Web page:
Nantucket Cottage Hospital is pleased to publish our annual Philanthropy Impact report to highlight our generous community of volunteers and donors.
NCH will open an Urgent Access Clinic on May 23, 2022 in the Anderson Building at 57 Prospect Street to offer easy and convenient medical care for non-life-threatening conditions.
Beginning May 23, urgent access appointments will be available Monday through Friday, from 7:30 a.m. to 5:30 p.m. and Saturday from 8:00 a.m. to 12:00 p.m. Appointments can be made through Mass General Brigham’s Patient Gateway. Log-in to your Patient Gateway account and look for “Find Urgent Care Center” under the “Find Care” menu option to schedule your appointment.
If you cannot make an appointment online, call 508-825-1000 between 8:00 a.m. and 4:30 p.m. Monday through Friday.
Urgent Access appointments are intended for a range of symptoms, including:
- Coughs, colds, or sore throat
- Ear and eye infections
- Minor injuries (scrapes, cuts, minor burns, sprains)
- Muscle/back pain
- Sexually transmitted infections
- Tick bites
- Urinary tract infections
- Vaginal infections, such as yeast infections
In a manicured garden tucked away off main street, half a dozen volunteers from Palliative & Supportive Care of Nantucket (PASCON) came together to share the colors of spring with those most in need, by preparing bouquets of daffodils for over 40 patients living with serious illnesses throughout Nantucket.
While far from the bedside of patients, the gathering was a moment for these dedicated volunteers to support patients on Nantucket with the level of personal connection and charm that Nantucketers have come to recognize as a key feature of PASCON and the Palliative and Supportive Care Department at Nantucket Cottage Hospital.
“Palliative care is specialized medical care for people impacted by serious illness with the goal of improving quality of life for both the patient and the family,” said Debbie Dolan, Nurse Practitioner and Manager of the Palliative and Supportive Care Department at Nantucket Cottage Hospital. “These volunteers are truly the backbone of the program and are the members providing much of the support to the patients, families caregivers and community, this gesture is just another example of that support.”
The special occasion marked the first time in over two years that the PASCON volunteers had come together, after being limited to video calls and emails since the early days of the pandemic.
At Nantucket Cottage Hospital, over 100 nurses provide high-quality, compassionate care to keep our island healthy. Their skills and expertise are here for you and your family when you need them.
It wasn’t long after the pandemic began when it became clear Boston-area hospitals couldn’t handle the daily overload of COVID-19 patients – something had to be done. That’s when Jeanette Ives Erickson received a call.
“I received a phone call from Peter Slavin, who was the president of Mass General Hospital at the time,” said Ives Erickson, “and he began to share with me the vision for Boston Hope.”
Dr. Ives Erickson had recently retired from the hospital after more than two decades as its vice president for patient care and chief nurse. But with the country’s largest public health crisis in a century looming, she was being asked by the Mass General Brigham healthcare system to become co-medical and operations director of the new 1,000-bed Boston Hope field hospital to treat overflow patients that area hospitals could not accommodate.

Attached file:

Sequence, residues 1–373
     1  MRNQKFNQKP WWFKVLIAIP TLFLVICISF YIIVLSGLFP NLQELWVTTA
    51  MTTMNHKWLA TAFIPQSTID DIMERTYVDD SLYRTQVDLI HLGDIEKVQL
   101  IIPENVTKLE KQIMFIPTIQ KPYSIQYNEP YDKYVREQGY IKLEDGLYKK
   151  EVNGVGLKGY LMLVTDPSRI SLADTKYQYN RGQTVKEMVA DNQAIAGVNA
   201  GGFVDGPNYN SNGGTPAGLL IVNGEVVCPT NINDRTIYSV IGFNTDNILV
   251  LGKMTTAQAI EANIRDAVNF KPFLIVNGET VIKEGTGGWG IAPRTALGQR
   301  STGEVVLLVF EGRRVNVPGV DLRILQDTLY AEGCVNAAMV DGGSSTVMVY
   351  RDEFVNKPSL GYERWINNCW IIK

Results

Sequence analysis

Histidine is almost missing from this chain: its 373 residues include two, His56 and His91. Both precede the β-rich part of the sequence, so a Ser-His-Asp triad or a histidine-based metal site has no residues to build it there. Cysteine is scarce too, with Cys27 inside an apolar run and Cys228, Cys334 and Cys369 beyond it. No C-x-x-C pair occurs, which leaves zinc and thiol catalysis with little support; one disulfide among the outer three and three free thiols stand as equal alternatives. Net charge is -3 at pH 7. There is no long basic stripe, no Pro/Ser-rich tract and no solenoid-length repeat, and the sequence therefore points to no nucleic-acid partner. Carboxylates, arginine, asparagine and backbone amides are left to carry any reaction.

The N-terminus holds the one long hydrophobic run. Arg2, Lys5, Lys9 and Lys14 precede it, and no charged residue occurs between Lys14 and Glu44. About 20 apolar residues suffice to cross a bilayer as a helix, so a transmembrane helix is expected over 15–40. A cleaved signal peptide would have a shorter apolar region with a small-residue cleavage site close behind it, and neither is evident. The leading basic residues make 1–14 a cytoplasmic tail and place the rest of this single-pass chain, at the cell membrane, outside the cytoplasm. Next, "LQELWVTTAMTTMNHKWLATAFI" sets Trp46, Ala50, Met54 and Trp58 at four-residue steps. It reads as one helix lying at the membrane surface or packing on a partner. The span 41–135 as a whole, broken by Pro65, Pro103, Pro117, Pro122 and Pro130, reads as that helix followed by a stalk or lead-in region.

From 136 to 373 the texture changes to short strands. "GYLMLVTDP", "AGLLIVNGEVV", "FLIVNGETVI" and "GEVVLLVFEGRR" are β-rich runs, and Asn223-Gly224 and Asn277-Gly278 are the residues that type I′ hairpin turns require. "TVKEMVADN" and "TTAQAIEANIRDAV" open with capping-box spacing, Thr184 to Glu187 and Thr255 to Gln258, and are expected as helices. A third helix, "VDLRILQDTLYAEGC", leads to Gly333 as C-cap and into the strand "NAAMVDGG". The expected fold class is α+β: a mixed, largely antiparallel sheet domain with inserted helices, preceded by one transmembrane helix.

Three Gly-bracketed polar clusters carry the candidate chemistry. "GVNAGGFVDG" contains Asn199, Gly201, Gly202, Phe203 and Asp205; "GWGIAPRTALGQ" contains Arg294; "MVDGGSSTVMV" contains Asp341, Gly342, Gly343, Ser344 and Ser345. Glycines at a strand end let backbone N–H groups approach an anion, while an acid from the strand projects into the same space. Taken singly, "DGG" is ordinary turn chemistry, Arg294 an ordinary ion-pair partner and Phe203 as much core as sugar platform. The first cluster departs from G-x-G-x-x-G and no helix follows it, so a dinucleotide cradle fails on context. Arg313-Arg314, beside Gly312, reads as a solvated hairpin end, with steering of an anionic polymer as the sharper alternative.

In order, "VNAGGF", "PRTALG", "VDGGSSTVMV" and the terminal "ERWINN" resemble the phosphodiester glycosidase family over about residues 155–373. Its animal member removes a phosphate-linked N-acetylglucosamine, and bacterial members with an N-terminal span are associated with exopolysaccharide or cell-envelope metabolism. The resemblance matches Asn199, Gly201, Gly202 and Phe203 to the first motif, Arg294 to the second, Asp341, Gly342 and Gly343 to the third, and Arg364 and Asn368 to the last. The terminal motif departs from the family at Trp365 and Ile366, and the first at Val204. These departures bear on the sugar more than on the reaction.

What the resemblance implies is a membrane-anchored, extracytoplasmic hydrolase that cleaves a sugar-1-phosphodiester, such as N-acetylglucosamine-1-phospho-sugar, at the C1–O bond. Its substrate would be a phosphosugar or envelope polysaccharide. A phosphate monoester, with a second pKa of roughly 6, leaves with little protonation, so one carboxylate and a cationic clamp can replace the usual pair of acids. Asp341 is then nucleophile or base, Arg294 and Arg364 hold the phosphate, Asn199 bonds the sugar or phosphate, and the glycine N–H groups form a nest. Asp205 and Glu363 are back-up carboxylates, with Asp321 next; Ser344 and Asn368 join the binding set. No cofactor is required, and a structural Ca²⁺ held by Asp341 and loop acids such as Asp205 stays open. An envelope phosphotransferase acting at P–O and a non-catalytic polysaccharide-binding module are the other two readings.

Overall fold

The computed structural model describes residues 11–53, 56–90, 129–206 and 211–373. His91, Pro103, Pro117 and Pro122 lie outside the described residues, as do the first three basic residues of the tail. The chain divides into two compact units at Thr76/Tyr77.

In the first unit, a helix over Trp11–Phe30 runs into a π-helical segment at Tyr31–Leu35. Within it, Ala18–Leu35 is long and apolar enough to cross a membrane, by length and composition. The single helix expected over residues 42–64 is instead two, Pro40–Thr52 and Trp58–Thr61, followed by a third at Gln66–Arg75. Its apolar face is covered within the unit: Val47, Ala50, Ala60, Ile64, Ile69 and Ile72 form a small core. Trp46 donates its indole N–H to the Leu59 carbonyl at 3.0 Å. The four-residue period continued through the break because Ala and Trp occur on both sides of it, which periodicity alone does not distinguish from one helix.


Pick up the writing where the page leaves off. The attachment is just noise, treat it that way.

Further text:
“I knew immediately I need to get into the fight. I think we all felt as if we needed to do something,” said Ives Erickson, Interim President and CEO of Nantucket Cottage Hospital. “I said, ‘I’m in. What do I do now?’”
Ives Erickson and her team quickly hired the people to staff Boston Hope, which was set up at the Boston Convention and Exhibition Center in the Seaport.
“We hired 1,000 employees – people in our community that could have stayed home because their clinics were closed, their businesses were closed,” said Ives Erickson. “They came to the Convention Center each and every day.”
Over the course of several months, Ives Erickson regularly put in 12-hour days, working with nurses, checking in with patients, and lending her expertise as needed. More than 700 recovering patients and unsheltered homeless individuals were treated at the Boston Hope field hospital.
Then in 2021, Ives Erickson was tapped again, this time to help lead the COVID-19 vaccination site at Mass General Brigham’s Assembly Row headquarters.
“At the time, I didn’t think I did anything special,” said Ives Erickson. “I simply answered the call because that’s what we nurses do.”
For her efforts at the field hospital, as well as for leading the COVID-19 vaccination site, Ives Erickson was recognized as a Nursing Hero by the Massachusetts chapter of the American Red Cross. The second annual Boston Heroes Breakfast was held virtually on March 23.
“I’m not a hero. Let’s start there. I’m not a hero,” said Ives Erickson. “Those providing direct care and the patients themselves are the heroes. I was the facilitator.”
“As I look back on it, being called upon to help the region get through the pandemic with the Boston Hope field hospital and the COVID-19 vaccination site were among the high
lights of my career,” she said. “It is an absolute honor to be recognized this way by such an esteemed organizations as the American Red Cross.”
This is the latest recognition of Ives Erickson’s work during the pandemic. In 2020, she was named to the Boston Business Journal’s Power 50 list of influential leaders “who have met the extraordinary challenges of [the] year head on.”
Last year, she was the only nurse recognized among several physicians and CEOs in a Boston Globe article about female trailblazers in health care during the pandemic.